Manali

Foreigners on the luxury coach from Delhi to Manali outnumbered Indians 3:1. That, however, wasn’t the curious part. What was unusual was that all the foreigners appeared to know exactly where they were headed. The Indians, on the other hand, yours truly included, exchanged notes about hotels uncertainly. The first one off the bus was…

Magic Carpets

Buying a carpet is a life-long investment for most people. So, it is a trifle surprising that not many people know what makes a good carpet, or even what are the factors that affect the quality – and by extension price – of an heirloom that is passed on from one generation to another. There’s…

The Olive Growing World

Spain has a population of 30 million people and 300 million olive trees, the highest in the world. Tunisia has a population of 10 million and 70 million olive trees. It is Greece that has the highest olive oil consumption in the world, because olive trees grow in all parts of the country: in Italy,…

Iran Part Two

Aab gosht translates, less than fecilitously, to water meat. It is more descriptive of Iran’s meat, beans and potato dish than Kashmir’s far more refined lamb cooked in reduced milk, and no! It’s not just my prejudice. Iran’s homely dish is always cooked in a stone pot with a lid. The ones I saw in…

Iran Part One

Iran The only two cities I visited on my trip were to Mashad and Isfahan. Mashad is famous for two things. The shrine of the Eighth Imam of the Shia sect of Islam, Imam Reza, the only one out of all twelve Imams to actually be buried in Iran (all the others are buried in…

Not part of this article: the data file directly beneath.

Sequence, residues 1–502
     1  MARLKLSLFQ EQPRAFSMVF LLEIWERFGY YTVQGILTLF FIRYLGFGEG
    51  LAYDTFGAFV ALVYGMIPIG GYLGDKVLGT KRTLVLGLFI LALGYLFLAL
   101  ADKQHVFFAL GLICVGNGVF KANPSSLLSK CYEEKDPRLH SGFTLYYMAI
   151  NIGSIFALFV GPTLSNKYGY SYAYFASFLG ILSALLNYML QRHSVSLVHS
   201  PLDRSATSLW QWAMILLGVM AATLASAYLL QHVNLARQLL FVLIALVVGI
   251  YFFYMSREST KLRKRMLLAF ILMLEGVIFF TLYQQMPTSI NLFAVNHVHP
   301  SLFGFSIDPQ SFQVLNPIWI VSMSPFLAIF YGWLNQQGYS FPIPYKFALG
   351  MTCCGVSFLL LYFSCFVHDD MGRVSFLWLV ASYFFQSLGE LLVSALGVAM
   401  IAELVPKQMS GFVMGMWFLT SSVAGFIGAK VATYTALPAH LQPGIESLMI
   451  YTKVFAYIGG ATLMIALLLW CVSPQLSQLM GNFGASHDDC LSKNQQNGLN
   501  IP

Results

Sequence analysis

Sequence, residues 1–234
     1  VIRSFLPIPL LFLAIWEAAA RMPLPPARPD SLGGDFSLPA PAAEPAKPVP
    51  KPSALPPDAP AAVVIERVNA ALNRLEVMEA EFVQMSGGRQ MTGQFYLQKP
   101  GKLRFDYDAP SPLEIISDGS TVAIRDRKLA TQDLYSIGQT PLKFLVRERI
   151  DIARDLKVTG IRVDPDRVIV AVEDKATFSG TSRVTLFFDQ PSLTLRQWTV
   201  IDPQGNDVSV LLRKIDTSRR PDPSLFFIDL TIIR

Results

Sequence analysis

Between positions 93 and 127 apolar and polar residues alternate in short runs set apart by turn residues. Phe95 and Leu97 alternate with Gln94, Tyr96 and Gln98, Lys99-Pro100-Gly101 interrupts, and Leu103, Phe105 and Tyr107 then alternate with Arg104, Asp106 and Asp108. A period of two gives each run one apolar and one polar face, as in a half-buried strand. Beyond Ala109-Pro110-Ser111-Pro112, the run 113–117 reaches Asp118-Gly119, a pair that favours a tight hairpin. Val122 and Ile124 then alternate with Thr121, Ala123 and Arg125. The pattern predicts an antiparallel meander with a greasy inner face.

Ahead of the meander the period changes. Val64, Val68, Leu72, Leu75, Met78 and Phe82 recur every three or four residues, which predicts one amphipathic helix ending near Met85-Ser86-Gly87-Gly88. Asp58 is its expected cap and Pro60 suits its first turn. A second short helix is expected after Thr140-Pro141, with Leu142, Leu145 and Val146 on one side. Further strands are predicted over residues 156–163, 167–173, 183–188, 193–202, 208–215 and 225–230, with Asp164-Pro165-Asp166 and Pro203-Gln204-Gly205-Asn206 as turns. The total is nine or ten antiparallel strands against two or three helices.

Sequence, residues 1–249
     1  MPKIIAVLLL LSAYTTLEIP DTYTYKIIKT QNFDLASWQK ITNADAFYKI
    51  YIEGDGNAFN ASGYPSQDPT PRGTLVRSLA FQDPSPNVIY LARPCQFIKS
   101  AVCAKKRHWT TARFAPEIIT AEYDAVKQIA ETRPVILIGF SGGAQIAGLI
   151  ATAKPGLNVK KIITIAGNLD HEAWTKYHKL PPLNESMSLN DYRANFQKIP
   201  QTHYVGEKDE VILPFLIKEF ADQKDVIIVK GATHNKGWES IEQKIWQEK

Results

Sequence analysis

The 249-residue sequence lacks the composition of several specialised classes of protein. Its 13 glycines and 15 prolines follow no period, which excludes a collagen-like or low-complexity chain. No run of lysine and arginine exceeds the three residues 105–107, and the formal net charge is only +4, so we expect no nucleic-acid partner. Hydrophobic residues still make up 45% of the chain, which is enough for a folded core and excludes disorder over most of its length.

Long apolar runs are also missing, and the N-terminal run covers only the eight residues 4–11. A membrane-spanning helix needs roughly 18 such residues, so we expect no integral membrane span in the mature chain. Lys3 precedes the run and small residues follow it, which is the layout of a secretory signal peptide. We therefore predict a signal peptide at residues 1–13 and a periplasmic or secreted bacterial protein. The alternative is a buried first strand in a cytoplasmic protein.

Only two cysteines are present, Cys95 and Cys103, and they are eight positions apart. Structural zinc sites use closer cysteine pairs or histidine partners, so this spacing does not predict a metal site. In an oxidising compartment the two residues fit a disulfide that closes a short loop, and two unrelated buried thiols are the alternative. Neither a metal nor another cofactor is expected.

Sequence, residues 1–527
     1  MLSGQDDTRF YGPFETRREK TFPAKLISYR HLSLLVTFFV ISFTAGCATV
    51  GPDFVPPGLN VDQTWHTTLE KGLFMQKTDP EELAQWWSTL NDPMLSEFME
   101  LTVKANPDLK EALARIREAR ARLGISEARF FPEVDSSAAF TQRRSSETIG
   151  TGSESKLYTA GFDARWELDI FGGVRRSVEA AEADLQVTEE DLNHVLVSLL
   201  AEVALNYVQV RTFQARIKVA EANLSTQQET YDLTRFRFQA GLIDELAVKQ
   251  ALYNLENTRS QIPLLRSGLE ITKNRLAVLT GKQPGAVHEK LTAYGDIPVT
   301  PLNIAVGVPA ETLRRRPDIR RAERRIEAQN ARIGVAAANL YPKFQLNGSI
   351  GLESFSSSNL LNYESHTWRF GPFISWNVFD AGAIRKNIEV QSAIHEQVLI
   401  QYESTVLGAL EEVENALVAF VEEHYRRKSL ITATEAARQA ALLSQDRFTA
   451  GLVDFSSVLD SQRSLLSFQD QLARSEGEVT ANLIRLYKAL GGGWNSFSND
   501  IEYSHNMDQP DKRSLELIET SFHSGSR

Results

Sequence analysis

Jaisalmer. At the edge of the desert

If Jaipur is the Pink City and Udaipur the City of Lakes, how can Jaisalmer not be the Golden City? Every edifice, from its fort downwards is made of the same golden sandstone, known in the rest of the world as Jaisalmer stone. Perhaps it’s fortunate that Jaisalmer’s airport has little, if any, civilian traffic.…

Smoke on the water

A houseboat holiday As the setting sun turned the sky first golden and then rose, the waters of the Dal reflected the multitude of tints. Other shikaras were darkly silhouetted against the sun’s rays, and I supposed my own shikara was too. My shikarawallah sang a mournful ditty that made up in gloom what it…

Sikkim

It’s my pet theory that you can never really have explored a new destination till you’ve seen its market. It was with that in mind that I set off to the floor above the local taxi stand in Gangtok. Extreme pressure on real estate and not much in the way of flat land means that…